BEHIND THE SCENES: The McKinsey Report

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In the political confusion of May 1952, some optimistic Eisenhower Republicans began thinking about a problem that might be with them in December. The problem: How could a Republican President-elect and his key men, in the few weeks between election and inauguration, get a clear view of the vast, federal, bureaucratic jungle inhabited by 2,600,000 employees? One foresighted Ikeman, New York Financier Harold Talbott, a big G.O.P. fund raiser who will be Secretary of the Air Force in the new Administration, had an answer.

Two months before either party had nominated its candidate, Talbott hired Manhattan's McKinsey & Co.. one of the nation's top management consulting firms, and gave them a broad directive to 1) find out exactly how many jobs the Republicans would need to fill to control all policymaking, 2) spell out the nature of each job and the qualifications required to fill it.

Within a month. McKinsey's administrative specialists (who total 103) had decided that 250 to 300 men in the right jobs could actually control all federal policy. This may have been an optimistic view, one which would be more applicable to business than to government, which is less responsive to top management. But it was a base for operations. Within a few days after the election, the McKinsey report was ready for Dwight Eisenhower: a 14-volume analysis of every top policy-making job that he would have to fill, the qualifications the appointees should have, the chief problems they would face.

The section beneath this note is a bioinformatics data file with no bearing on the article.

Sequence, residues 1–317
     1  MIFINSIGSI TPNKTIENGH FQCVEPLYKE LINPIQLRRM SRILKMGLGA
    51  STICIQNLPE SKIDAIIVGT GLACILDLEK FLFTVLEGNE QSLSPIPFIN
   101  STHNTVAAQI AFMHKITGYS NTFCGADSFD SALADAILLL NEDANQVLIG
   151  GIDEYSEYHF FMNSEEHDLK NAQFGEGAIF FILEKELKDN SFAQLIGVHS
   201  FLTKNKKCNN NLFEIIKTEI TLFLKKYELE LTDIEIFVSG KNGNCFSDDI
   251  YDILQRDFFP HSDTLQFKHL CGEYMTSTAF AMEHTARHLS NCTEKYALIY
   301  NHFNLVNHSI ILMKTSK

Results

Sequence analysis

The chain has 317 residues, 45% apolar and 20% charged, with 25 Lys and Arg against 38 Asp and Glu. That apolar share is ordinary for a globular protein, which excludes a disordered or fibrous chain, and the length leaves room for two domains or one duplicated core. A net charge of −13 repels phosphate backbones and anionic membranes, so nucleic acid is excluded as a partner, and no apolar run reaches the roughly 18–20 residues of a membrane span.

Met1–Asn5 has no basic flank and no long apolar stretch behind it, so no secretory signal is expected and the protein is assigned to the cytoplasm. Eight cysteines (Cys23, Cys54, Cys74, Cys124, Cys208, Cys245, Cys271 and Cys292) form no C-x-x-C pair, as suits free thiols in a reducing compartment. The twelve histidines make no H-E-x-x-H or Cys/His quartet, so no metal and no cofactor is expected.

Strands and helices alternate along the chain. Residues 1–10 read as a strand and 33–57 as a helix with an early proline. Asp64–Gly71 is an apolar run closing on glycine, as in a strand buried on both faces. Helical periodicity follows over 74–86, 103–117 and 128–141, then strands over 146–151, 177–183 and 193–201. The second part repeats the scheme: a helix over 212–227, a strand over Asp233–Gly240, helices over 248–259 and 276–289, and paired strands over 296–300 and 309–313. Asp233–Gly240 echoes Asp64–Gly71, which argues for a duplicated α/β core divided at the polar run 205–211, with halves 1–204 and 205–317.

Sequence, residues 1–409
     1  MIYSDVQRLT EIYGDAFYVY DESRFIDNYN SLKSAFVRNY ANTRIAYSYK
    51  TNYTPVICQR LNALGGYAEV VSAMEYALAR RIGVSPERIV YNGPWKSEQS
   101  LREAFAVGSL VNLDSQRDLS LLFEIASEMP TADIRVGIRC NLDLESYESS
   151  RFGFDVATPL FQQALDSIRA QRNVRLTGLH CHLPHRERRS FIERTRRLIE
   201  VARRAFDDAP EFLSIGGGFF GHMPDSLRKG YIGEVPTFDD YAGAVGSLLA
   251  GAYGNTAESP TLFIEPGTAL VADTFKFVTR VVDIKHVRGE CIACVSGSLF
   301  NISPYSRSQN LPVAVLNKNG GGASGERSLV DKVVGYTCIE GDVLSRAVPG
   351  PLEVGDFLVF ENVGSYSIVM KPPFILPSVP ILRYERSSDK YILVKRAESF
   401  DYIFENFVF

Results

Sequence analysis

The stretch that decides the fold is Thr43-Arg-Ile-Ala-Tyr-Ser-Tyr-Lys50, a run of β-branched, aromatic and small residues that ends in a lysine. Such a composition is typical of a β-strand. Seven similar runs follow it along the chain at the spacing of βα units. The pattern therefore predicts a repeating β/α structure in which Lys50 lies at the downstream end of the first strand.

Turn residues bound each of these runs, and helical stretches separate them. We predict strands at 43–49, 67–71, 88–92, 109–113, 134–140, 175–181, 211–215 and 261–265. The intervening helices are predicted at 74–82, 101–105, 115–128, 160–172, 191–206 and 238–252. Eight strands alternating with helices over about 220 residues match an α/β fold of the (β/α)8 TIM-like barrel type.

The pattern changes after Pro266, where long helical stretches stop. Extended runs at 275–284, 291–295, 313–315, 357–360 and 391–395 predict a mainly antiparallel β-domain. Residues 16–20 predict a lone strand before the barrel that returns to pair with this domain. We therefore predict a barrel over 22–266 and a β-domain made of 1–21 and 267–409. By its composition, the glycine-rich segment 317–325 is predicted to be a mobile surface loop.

Eisenhower and his staff used the report as one of their guides in making appointments. After the Cabinet was named, the consultants handed appointees ten to 15-page memos on their jobs. The memos not only outlined what their chief duties would be, but spelled out in detail the immediate, practical problems.

The McKinsey report was no sure prescription for efficiency in Washington, but it was a good way for Dwight Eisenhower and his key men to get a solid briefing on the bureaucracy. The only other sources of such information are the departing bureaucrats, who are inevitably prejudiced in favor of the status quo.